Step 4 – Make Your Recipe
Follow the recipe to make the jar contents. When the recipe is complete, remove the jars from the canner and place them on a towel on the counter near the stove.
Step 5 – Fill Your Jars
Carefully ladle the contents into the jars and leave the recommended amount of headspace. Use a bubble removal tool to remove any bubbles and recheck the headspace. If the headspace is too big, add more to the jars. If there isn’t enough of the recipe to properly fill all the jars, use one jar to properly fill all the others. The jar that isn’t properly filled can be put into the refrigerator to use first. Do not can jars that have too much headspace.
Step 6 – Wipe and Add Lids
Wipe the rims of the jars with a clean, damp cloth. Add the lids and bands to the jars. The bands should be put on finger tight – like you would put a lid on a mayonnaise jar.
Then do the following…
For Water Bath Processing
Using canning tongs, lower each jar into the water bath canner. Once all the jars are in the canner, the water should cover them by at least 1 inch. If it doesn’t, add more water to the canner.
Turn the heat to high and bring the water to a boil. Once the water is boiling, set a time for the correct processing time. When the timer goes off, turn the heat off from under the canner, and let the contents rest for 5 minutes.
For Pressure Canning Processing
These are general pressure canning instructions, be sure to refer to the manufacturer’s instructions that came with your canner for specifics for that canner. Using canning tongs, lower each jar into the pressure canner. Lock the lid in place and turn the heat up to high.
As the pressure builds there will be steam that begins to escape – this is called venting. Let the canner vent for 10 minutes.
After 10 minutes, place the proper weight according to the recipe and adjusted for altitude on the canner. If your canner has a petcock, close it. If you have a weighted gauge canner, the weight will start jiggling when it’s at the correct pressure. If you have a dial gauge canner, use the dial to know when it’s at the correct pressure.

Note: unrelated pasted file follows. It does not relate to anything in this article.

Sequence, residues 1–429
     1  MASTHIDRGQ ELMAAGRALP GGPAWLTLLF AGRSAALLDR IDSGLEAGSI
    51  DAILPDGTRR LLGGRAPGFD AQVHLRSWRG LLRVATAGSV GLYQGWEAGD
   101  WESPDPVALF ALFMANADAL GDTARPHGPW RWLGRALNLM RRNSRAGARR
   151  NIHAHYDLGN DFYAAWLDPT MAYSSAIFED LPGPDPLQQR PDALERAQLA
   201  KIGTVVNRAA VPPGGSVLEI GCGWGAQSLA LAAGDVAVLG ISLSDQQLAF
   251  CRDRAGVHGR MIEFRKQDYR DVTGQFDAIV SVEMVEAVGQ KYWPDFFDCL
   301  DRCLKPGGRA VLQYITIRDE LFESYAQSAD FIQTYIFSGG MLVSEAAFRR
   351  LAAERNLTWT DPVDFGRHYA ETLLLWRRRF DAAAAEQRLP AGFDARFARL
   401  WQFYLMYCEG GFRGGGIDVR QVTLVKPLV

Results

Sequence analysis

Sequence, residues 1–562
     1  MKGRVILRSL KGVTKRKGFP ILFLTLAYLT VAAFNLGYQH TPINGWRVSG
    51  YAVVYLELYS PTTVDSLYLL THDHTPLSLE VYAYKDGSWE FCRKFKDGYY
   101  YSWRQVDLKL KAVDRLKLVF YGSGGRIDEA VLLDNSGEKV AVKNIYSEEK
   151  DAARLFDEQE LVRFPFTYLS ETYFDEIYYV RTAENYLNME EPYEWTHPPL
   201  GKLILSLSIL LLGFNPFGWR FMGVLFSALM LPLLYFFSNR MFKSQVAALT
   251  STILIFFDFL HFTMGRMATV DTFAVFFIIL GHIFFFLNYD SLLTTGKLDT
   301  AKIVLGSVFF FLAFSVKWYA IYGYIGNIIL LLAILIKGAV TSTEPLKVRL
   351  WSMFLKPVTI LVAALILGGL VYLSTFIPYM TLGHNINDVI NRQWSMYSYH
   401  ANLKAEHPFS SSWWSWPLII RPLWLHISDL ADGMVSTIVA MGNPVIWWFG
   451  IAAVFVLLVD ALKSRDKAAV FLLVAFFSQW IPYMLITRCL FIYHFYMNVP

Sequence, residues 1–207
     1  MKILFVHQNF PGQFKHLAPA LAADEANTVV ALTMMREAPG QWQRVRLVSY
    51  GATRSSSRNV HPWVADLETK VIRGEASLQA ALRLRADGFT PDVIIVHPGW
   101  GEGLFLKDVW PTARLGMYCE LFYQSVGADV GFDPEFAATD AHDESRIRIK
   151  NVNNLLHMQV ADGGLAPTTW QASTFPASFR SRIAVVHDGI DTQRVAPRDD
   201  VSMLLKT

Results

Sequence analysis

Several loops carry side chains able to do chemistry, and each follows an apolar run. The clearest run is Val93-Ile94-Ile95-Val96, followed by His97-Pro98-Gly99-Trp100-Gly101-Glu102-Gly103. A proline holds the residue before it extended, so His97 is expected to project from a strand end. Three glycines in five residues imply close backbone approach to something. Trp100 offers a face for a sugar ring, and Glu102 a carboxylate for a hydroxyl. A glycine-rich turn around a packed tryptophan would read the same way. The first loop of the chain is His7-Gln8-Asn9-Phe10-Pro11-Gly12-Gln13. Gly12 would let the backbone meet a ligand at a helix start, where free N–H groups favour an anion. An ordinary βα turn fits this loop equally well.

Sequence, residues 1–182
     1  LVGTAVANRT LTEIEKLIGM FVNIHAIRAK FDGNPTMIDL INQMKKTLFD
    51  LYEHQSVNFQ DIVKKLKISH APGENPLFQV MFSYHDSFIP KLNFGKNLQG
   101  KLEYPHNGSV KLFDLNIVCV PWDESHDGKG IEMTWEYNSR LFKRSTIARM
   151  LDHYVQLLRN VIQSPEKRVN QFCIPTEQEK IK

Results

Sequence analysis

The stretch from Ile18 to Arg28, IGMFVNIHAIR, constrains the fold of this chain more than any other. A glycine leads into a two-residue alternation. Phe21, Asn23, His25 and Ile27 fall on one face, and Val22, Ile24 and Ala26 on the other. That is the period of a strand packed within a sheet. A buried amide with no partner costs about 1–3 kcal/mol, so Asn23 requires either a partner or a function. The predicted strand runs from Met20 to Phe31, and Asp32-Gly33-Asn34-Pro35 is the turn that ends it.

Once the correct pressure has been achieved, set a timer for the processing times according to the recipe. When the processing time is complete, turn the heat off and let the canner depressurize naturally. Depending on the canner, this can take an hour or longer. The canner is fully depressurized when the dial gauge is at zero or when the weight is gently nudged and no steam escapes.
When the canner is completely depressurized remove the weight from the vent or open the petcock and let it sit for 2 minutes. Then unlock the lid and carefully remove it by lifting it away from you to keep the steam away from your face.
Removing the jars from the canner
Using the tongs, remove the jars from the canner and set them on a towel on the counter where they will not be disturbed. There is no need to cover them with a towel, clean them, tighten the bands, turn them upside down, or touch them in any way for the next 12-24 hours. Just let them be. You may hear the lids pop and you may not – either way is okay.
Step 7 – Check Seals, Label and Store
The next day, remove the bands and check the seals. When you gently press your finger on the top of the lid, there should be no movement. Next, gently pick up the jar by the lid. The lid should stay on the jar.
If any lids failed to seal, the food is still good. Just put it in the refrigerator to use first. The jars that have sealed properly can now be cleaned with a damp cloth, labeled, and stored in the pantry.
Is It Safe To Pressure Can Using Your Instant Pot?
While some electric pressure cookers (Instant Pots) have a canning option and can be used for water bath canning, they should not be used for pressure canning. Watch the video below to learn why.
Canning – Versatile and Money Saving!
Canning is an incredibly versatile and safe way to preserve the harvest, prepare for emergencies and power outages, reduce your dependence on the grocery store, and have a variety of shelf-stable meals available for those crazy days when the drive-thru is calling out to you.
There is plenty of room within the recommended guidelines to safely experiment with flavors, just remember to start with the basics and understand the guidelines for each food. And then, have fun!